1. Coincidence. Neither has anything to do with the other.
2. Yes, this is normal. I've seen it numerous times. For whatever
reason, this is how the PCM stores some of the codes-- once for pending,
and then again for confirmed.
3. Nope. I'm guessing they misspoke or don't really have any idea what
4. Typically, you'll need to remove the timing belt to do the job. If
you're comfortable with replacing the timing belt on this engine, then
it'll be okay. The timing belt is a bit tricky to get everything right,
so I tend to recommend this as a DIY job only to those that are very
familiar with timing belt work.
5. The timing belt on the 2.4 has a short lifespan-- I've even replaced
some due to failure within the 4 year/60k maintenance window. If you're
past halfway on your current interval (either by time or mileage), replace
the timing and balance belts while you're replacing the crank sensor.
If you're not replacing the timing or balance belt, you can sneak the
wiring behind the timing belt if you remove the terminals from the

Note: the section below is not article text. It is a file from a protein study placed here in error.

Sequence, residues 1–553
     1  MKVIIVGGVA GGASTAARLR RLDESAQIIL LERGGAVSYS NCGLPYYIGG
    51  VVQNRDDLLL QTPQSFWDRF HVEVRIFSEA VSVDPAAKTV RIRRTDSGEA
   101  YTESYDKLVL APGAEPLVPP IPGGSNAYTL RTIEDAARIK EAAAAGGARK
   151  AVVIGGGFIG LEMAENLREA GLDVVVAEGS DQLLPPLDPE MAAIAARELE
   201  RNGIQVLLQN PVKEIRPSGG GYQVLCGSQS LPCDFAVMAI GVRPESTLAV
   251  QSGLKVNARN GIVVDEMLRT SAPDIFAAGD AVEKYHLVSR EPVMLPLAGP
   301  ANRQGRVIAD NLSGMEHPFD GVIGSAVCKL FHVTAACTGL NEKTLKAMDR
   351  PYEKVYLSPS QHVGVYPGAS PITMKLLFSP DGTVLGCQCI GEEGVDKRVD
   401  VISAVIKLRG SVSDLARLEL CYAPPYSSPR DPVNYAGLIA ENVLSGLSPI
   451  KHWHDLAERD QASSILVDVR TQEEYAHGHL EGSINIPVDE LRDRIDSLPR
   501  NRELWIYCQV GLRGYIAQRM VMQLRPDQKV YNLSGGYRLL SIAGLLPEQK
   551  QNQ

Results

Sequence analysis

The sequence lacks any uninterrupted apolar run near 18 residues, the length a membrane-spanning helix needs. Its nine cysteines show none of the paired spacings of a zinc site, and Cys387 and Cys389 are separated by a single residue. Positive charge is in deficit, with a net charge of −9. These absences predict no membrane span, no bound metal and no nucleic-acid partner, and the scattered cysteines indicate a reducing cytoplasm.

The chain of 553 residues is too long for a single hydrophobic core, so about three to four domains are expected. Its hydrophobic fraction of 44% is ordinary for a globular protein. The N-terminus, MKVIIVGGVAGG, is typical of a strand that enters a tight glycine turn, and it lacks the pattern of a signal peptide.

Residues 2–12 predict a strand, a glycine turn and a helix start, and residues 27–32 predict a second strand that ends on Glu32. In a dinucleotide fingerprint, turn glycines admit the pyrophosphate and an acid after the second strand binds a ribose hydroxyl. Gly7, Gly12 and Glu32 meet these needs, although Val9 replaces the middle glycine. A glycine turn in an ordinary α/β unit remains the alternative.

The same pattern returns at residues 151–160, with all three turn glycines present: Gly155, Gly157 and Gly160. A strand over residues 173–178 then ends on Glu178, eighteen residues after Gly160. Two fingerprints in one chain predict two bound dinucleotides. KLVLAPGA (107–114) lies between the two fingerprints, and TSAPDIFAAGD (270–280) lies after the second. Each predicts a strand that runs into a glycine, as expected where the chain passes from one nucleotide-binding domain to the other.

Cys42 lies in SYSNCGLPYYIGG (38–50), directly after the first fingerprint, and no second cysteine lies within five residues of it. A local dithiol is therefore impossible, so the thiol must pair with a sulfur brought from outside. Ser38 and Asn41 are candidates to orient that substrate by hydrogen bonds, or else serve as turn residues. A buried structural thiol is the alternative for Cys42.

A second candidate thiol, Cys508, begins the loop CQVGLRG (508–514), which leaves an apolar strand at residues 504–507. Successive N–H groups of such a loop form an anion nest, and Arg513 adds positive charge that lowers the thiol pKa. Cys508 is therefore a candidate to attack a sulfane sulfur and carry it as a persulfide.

connector. And, of course, you'll need to do this with the new connector.
You'll need a small pick or terminal release tool to do this. Keep in
mind that you'll need to get the wires back in the same position in the
connector if you choose to do this.
6. The location photos should be in the ETM section, but I cannot find
any link there. In this case, I went to the newest car in the EF Sonata
group, since it has the same transmission. Once you're in the 2005 Sonata
schematic of choice, click on the blue connector number for the component
you wish to see. Another window will pop up for the connector view. In
this new window, click on the "component" link to see a picture of the
The input speed sensor is below the bracket holding the shift cable in
place. It's labeled "pulse generator A" in the schematic.
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